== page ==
Lorry blind-spots explained by a driver
17.01.08 by Buffalo Bill
A lorry-driver called Nozzer has taken the time to sketch and explain blind-spots from his point of view. He has done this to help cyclists understand how the various mirrors work. He assumes that the driver will understand how the mirrors work, will have correctly adjusted them and be using them. This assumption, as numerous court cases resulting from the deaths of London cyclists have shown, is not to be relied upon. You should therefore view these sketches to inform yourself as to the relative positions in which you definitely will not be seen, or if seen, very poorly, relative to the driver’s cab. You can view Nozzer’s sketches here.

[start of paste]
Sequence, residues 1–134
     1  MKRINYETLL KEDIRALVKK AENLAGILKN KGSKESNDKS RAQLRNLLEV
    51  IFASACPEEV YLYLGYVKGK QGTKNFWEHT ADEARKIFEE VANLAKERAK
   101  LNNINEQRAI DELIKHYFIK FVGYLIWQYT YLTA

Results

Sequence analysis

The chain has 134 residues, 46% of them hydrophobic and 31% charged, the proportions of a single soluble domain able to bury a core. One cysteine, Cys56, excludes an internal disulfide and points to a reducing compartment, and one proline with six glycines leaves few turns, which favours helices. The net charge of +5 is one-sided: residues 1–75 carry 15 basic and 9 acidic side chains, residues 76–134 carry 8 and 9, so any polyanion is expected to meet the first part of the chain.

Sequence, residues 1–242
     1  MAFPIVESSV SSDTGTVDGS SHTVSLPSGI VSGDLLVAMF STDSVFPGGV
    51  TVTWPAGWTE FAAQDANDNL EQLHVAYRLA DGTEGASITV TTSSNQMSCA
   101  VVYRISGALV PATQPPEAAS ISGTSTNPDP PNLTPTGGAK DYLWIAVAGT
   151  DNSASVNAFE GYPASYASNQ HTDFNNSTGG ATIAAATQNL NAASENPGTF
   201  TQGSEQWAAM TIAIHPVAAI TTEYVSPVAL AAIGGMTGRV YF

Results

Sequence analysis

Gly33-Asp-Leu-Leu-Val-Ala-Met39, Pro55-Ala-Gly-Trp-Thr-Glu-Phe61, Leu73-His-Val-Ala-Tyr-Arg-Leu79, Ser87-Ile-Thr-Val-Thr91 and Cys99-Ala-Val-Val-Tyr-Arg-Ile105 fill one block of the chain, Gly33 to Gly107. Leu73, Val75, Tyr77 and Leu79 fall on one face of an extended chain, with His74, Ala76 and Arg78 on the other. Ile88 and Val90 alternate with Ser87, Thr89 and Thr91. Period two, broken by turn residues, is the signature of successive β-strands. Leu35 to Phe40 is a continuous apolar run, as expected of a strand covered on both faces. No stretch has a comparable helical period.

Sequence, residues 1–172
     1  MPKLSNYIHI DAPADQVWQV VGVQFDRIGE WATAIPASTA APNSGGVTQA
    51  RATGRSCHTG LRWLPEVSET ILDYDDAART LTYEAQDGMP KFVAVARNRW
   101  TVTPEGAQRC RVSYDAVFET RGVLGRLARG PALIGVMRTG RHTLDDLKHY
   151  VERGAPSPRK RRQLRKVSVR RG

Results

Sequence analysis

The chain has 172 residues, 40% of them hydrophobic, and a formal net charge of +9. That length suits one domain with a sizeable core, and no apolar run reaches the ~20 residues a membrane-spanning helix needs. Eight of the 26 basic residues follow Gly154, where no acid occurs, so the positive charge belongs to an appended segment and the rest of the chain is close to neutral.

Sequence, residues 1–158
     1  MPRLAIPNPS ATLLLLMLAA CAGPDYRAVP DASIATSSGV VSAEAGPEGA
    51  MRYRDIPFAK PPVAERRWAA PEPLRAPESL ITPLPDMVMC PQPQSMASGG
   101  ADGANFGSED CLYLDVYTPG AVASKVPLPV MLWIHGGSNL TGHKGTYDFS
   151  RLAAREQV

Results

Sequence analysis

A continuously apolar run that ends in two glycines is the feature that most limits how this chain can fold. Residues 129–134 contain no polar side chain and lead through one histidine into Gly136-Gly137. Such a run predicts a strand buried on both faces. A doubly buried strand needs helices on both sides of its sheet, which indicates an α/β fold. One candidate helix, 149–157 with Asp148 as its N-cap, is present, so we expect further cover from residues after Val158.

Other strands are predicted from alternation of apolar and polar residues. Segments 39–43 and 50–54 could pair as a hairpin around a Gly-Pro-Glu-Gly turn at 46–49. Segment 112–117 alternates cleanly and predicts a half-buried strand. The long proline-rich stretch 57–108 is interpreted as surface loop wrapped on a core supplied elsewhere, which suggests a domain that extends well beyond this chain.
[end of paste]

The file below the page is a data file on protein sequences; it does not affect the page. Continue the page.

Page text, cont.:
In my view, this is a useful aid to cycling in London, and I thank Nozzer on behalf of MT readers. All we need now is for lorry drivers to spend some time on a bike, and the virtuous circle will be complete.
More on the European legislation regarding the fitting to new lorries, and retro-fitting to old, of the fourth mirror that will eliminate the near-side blind-spot is here. Also of interest to students of blind-spot mirror legislation and its implementation is the Twenty-Second Report of the Select Committee on European Scrutiny, which deals with the UK’s adoption of the legislation. It includes a letter from the Secretary of State for Transport, Stephen Ladyman. It seems that the Council of Ministers have changed the legislation so that only lorries registered after 1 January 2000 will be required to retrofit the blind-spot mirrors. The original draft presented by the European Parliament had asked for a commencement date of 1998.